On Saturday 6th Feb the staff of Whale Road Review, including me, gathered on Zoom from around the world (Nigeria, UK, US) to read poems and short prose together.
Readers included Michael Akuchie, Taylor Crawford, Allen Culpepper, Jen Stewart Fueston, Katie Hamblen, Ellen Huang, Monica Kopenhaver, Eve Linn, Katie Manning, Kyle Potvin, Tania Pryputniewicz, Kathryn H. Ross, Ki Russell, Jacob Stratman, and me.
It was a lot of fun, and wonderful to meet the poets and writers I’ve been working with recently to select fantastic pieces from the many hundreds of submissions we received in December.
We each read one piece and managed to keep the recorded event to just over half and hour. Then we switched off record and hung out together chatting. It was wonderful.
Poet Jennifer Wong reviewed ‘Return by Minor Road’ for the wonderful literary journal Ambit recently. I was very moved by her writing about the book, and by how she engaged with the collection. It’s heartening to have such a thoughtful reader who understands the connections between and behind the poems.
I’m really excited to have joined the staff of San Diego based journal Whale Road Review. As a peer reviewer I’ll be helping select top-notch poems from the very strong submissions sent in for each edition.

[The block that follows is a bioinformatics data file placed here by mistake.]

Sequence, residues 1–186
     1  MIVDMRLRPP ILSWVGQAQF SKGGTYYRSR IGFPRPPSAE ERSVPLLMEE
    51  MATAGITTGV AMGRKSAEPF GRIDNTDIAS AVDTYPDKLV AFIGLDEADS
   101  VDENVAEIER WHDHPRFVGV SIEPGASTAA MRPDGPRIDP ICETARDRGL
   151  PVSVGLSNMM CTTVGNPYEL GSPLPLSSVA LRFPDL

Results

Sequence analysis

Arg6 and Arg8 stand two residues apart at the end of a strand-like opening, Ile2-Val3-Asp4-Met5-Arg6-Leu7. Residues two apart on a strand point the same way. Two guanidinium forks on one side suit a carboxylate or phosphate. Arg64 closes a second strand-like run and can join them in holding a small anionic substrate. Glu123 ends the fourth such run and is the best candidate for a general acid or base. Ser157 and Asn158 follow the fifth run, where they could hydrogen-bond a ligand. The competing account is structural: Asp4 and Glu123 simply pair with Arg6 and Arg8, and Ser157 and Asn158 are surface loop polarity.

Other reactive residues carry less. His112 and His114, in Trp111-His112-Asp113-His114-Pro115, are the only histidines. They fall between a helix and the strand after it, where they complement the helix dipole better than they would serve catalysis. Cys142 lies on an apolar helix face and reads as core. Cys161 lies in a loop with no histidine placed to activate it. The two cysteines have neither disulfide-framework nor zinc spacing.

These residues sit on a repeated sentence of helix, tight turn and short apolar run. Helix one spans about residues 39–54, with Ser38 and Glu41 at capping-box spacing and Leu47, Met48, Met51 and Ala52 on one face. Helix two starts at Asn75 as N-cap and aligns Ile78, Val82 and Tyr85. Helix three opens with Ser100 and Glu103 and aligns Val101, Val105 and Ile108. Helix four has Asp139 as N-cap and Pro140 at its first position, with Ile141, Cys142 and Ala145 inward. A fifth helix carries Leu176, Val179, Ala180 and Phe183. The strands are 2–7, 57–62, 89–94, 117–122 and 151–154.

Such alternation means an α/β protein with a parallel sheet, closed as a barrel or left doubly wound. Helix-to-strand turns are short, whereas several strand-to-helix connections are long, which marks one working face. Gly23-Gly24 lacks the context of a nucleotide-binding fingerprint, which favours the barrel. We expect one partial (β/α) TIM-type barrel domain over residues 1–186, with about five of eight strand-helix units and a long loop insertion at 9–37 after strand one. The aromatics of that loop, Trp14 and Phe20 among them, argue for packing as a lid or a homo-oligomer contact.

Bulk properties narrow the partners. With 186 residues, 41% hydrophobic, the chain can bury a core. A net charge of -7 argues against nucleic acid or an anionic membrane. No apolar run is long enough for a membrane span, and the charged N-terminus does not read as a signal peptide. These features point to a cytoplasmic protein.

The name comes from an old kenning for the ocean – the whale road – and evokes these unique creatures ‘moving in patterns through the waters of the world’. Whale Road Review publishes poetry, flash fiction, reviews and micro essays. Please see the submission guidelines for more details.
The editor Katie Manning is enthusiastic, knowledgeable and wonderfully supportive of fellow writers.
I’m looking forward to working with the international staff, and to meeting them at a reading on Saturday Feb 6th. It’s at 7pm UK time (11am Pacific Time) and will be for up to an hour. It’s totally free to come along, but please pre-register here:
‘Heidi Williamson speaks with John Greening about inspirations including science and traditional print processes, the importance of pattern in writing poems, her need to surprise herself and her new collection drawing on a painful section of public and personal history.’